Sunday, March 12, 2017

West Virginia telecom infrastructure initiative embodies 3 fatal public policy flaws

Charleston Gazette-Mail | Groups push for broadband expansion in WV: Senate President Mitch Carmichael, R-Jackson, said Tuesday that at least two broadband-related bills are in the works, and lawmakers expect to introduce legislation in the coming days. The Senate bill would offer tax credits for companies to help recoup costs of bringing internet to remote areas, said Carmichael, an executive with internet provider Frontier Communications. The bill also may authorize the state to provide loan guarantees to internet firms that plan to expand broadband service. Carmichael said some internet providers want legislation designed to bring internet service to households that don’t currently have it, while other companies support measures that would increase internet speeds.

“We want to [encourage] competition,” Carmichael said. “If we’re going to do investment of any type, it should go to the areas that have no service.” Generation West Virginia, AARP West Virginia and the state Broadband Enhancement Council held a press conference at the state Capitol Tuesday to raise awareness about the importance of high-speed internet service and to unveil a plan — called Gig Ready — to bolster support for broadband expansion.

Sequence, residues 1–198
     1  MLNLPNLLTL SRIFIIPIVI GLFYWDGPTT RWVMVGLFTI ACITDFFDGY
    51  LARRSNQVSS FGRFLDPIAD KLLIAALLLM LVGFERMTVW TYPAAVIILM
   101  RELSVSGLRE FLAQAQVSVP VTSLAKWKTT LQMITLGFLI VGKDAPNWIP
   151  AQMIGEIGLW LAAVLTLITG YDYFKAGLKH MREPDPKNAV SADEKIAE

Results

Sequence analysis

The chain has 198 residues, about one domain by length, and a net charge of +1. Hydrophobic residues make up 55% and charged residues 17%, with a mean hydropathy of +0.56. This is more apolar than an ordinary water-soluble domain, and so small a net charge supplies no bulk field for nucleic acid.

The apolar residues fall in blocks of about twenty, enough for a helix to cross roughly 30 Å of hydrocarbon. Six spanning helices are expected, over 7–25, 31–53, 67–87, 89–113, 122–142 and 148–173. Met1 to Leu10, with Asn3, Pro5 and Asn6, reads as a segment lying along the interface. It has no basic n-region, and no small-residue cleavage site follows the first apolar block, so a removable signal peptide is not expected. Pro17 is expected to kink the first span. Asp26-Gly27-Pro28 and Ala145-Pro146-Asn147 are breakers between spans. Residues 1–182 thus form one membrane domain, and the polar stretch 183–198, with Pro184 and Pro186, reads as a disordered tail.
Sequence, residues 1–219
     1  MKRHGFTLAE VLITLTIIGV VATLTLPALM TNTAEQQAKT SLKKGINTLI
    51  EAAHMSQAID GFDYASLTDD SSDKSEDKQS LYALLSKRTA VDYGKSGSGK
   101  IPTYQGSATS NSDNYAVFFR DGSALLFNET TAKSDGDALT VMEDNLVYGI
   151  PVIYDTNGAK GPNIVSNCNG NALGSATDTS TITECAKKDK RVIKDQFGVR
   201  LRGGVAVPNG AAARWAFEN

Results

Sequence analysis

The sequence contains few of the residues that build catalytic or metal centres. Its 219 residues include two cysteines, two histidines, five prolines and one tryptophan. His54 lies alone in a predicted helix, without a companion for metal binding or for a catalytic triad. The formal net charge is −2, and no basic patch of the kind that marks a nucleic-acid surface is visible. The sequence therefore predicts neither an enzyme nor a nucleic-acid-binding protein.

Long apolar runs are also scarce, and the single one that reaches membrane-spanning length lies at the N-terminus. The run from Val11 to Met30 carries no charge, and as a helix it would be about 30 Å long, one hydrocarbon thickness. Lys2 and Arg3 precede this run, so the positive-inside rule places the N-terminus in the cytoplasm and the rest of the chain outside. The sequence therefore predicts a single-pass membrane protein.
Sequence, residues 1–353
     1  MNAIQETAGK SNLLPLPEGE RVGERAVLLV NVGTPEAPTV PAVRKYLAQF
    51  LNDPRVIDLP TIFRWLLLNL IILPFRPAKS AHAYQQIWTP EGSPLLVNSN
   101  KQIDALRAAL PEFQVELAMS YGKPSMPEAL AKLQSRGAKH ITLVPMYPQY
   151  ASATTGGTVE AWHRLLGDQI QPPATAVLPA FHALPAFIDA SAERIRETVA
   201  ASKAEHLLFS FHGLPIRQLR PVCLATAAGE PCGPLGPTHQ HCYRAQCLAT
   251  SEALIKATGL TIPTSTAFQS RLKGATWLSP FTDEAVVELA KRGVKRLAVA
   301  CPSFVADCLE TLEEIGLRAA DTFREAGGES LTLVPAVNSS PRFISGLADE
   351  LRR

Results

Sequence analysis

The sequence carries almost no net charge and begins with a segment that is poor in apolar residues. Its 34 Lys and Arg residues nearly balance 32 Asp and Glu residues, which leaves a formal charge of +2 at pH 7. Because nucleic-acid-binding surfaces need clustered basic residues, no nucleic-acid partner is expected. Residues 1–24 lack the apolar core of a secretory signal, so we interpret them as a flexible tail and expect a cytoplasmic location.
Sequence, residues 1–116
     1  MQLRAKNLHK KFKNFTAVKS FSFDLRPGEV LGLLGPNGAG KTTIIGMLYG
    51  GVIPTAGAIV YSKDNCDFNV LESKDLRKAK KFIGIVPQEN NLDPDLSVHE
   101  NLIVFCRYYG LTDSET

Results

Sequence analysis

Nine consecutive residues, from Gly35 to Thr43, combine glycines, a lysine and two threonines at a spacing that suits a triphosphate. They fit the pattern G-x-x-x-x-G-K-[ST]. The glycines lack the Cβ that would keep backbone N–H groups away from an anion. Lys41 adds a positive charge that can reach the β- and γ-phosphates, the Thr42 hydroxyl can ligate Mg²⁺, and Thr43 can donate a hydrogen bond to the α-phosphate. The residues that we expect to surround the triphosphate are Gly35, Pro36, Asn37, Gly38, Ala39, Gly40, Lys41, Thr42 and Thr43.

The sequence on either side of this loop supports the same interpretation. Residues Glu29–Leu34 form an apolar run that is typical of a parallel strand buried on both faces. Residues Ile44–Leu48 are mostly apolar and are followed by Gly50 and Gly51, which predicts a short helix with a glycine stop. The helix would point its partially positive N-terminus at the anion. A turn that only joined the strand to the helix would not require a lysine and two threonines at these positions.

This West Virginia effort although well intended contains three fatal flaws that are unfortunately frequently embraced by other states and by federal policymakers.
  1. Offering loan guarantees and tax credits to legacy telephone and cable companies to invest in advanced telecommunications infrastructure in the belief that will help achieve universal service. It will not. The incumbents' short term business models are designed to extract maximum cash flow from current assets and do not allow them to make significant long term capital investments in new infrastructure. Tax credits and loan guarantees can't overcome that hard economic reality.
  2. The belief that the role of government vis telecommunications infrastructure is to promote market competition. Telecom infrastructure is a natural monopoly and can and never will be a competitive market. Promoting market competition in telecom infrastructure is like promoting water skiing in the arctic.
  3. Sloganeering. Call it Game of Gigs or Gig Ready, slogans can't construct telecom infrastructure. They are not so much aspirations for the future but rather reflect a poverty of action and commitment (harder) relative to a surplus of talk (far easier).

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